Was eler an instance known, that man could taste
True peace of mind, and spurn religion's laws.”

In other things were this alliance traced;
Constant coincidence; effect, and cause,

We scruple not to call them; or, at least,
Condition indispensable, whence draws

Thc one, the other. This coincidence
But grant me here;—and grant the consequence.

Facts, facts, are stubborn things! We trust the sense

Of sight, because th' experience of each day Warrants our trust in it. Now, tell me whence

It is, no mortal yet could dare to say, Man trusted in his God for his defence,

And was confounded ? cover'd with dismay? Loses he friends? Religion dries his tears! Loses he life? Religion calms his fears!

Loses he health? Religion balms his mind,

And pains of flesh seem ministers of grace, And wait upon a rapture more refin'd,

Then e'en in lustiest health e'er found a place.
Loses he wealth? the pleasure it can find

He had before renounced; thus he can trace
No difference, but that now the heart bestows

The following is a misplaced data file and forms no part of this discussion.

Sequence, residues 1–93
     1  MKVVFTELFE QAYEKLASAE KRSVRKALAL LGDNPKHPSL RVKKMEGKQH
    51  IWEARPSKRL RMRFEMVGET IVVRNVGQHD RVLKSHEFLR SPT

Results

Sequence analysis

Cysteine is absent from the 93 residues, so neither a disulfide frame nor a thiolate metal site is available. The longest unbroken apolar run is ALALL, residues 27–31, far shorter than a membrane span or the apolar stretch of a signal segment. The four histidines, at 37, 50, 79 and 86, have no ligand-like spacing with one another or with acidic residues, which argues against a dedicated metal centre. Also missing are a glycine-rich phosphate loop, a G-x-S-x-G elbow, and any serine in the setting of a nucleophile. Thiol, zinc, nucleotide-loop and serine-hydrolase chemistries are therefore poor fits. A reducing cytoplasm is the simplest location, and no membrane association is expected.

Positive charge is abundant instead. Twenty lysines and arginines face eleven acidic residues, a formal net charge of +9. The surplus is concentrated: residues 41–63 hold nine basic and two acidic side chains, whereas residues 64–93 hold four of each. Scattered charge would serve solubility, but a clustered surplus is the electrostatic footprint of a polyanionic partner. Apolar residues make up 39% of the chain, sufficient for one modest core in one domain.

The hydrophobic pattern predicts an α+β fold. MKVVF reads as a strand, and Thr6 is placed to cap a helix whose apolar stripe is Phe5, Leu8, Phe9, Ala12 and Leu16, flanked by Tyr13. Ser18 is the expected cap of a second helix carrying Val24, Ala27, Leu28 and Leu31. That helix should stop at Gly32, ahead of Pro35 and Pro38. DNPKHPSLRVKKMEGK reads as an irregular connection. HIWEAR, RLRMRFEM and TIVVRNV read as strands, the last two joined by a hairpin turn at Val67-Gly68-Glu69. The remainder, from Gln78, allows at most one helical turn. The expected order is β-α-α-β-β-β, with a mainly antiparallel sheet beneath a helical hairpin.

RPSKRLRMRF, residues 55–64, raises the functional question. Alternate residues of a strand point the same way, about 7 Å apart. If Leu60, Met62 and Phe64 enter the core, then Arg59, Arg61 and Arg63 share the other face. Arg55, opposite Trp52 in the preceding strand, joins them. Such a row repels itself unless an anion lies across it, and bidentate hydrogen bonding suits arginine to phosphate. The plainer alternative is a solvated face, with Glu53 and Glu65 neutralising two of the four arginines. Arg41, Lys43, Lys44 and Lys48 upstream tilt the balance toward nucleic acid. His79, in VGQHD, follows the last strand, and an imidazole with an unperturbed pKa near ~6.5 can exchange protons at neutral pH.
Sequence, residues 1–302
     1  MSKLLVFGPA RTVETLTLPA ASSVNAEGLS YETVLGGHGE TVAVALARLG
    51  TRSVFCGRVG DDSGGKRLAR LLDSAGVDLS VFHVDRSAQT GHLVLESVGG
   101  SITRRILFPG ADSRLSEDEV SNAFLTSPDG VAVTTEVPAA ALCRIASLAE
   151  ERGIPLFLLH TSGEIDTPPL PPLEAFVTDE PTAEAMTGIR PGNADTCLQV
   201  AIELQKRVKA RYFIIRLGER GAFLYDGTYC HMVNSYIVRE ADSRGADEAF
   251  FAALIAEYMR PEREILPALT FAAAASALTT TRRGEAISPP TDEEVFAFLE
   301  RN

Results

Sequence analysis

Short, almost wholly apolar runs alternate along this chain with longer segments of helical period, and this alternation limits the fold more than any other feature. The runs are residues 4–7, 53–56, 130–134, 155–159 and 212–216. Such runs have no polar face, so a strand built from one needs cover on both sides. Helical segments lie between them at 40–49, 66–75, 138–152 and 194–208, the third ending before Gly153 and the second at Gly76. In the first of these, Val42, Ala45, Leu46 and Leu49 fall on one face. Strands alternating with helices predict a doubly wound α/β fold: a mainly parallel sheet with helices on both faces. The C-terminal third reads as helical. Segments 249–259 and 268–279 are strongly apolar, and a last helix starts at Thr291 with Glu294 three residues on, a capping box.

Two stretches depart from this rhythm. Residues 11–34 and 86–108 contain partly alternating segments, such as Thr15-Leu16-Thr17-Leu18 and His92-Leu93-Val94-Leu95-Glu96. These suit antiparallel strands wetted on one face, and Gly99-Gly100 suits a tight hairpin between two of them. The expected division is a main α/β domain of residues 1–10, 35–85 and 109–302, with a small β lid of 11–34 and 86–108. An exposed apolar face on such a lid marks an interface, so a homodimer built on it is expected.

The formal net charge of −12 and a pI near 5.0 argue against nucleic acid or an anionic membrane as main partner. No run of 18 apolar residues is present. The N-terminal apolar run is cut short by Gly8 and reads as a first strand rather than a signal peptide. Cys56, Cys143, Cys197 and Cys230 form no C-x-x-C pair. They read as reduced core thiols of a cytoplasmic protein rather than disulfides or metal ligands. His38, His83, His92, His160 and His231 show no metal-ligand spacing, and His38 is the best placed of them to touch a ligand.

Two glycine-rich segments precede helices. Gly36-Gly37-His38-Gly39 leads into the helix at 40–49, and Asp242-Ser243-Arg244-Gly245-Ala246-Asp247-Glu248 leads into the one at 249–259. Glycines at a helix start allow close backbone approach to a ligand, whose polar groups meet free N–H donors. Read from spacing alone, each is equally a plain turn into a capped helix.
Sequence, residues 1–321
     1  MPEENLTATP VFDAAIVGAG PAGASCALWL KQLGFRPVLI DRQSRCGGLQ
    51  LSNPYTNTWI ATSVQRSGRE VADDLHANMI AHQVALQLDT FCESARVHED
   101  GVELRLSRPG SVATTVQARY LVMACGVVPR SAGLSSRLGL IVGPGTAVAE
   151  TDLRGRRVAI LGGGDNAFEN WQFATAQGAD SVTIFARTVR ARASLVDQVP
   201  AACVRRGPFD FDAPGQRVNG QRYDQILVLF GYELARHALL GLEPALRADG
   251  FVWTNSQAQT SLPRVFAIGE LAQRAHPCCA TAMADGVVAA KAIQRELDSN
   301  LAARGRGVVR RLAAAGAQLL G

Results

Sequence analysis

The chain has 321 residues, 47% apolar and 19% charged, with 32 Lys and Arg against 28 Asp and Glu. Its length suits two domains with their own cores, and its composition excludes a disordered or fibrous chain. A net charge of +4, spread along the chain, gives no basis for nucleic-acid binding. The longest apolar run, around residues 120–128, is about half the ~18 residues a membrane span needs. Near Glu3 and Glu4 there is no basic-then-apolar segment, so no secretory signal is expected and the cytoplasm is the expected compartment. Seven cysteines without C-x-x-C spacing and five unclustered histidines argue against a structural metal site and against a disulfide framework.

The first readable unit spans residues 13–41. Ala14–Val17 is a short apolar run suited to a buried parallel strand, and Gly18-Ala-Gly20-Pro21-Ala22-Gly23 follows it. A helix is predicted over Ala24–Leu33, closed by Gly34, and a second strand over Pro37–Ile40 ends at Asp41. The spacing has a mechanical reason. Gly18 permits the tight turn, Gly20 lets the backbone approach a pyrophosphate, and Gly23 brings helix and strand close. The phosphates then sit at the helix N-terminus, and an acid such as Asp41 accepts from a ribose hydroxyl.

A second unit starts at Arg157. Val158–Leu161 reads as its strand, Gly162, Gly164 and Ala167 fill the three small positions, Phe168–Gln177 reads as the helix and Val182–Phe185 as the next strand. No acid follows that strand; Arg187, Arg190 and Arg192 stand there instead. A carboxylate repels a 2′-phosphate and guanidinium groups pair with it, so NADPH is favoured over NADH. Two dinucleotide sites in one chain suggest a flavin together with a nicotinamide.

What through a hand less affluent scantier flows.

He too as much enjoys the spectacle

Of good, when done by others as by him: Loses he fame? the honour he loves well

Is not of earth, but that which seraphim Might prize! Loses he liberty? his cell,

And all its vaults, echo his rapturous hymn! He feels as free as freest bird in air! His heaven-shrin'd spirit finds heaven every where!

'Tis not romance which we are uttering! No;

Thousands of volumes each word's truth attest! Thousands of souls redeem'd from all below

Can bring a proof, that, e'en while earthly guest, 'Tis possible for man that peace to know,

Which maketh him impassive to the test
Of mortal sufferance! Many and many a martyr
Has found this bound up in religion's charter,

Pleasure, or philosophical or sensual,

Is not, ought not to be, man's primary rule; We often feel bound by a law potential

To do those things which e'en our reasons fool. God, and he only, sees the consequential;

The mind, well nurtur'd in religion's school Feels that He only—to whom all's ubedientHas right to guide itself by the expedient.

Duty is man's first law, not satisfaction!

That satisfaction comes from this perform'd, We grant! But should this be the prime attraction

That led us to performance, soon inform'd By finding that we've miss'd the meed of action,

We shall confess our error. Oft we're warm'd, By a strong spirit we cannot restrain, To deeds, which make all calculation vain.

Had Regulus reason'd, whether on the scale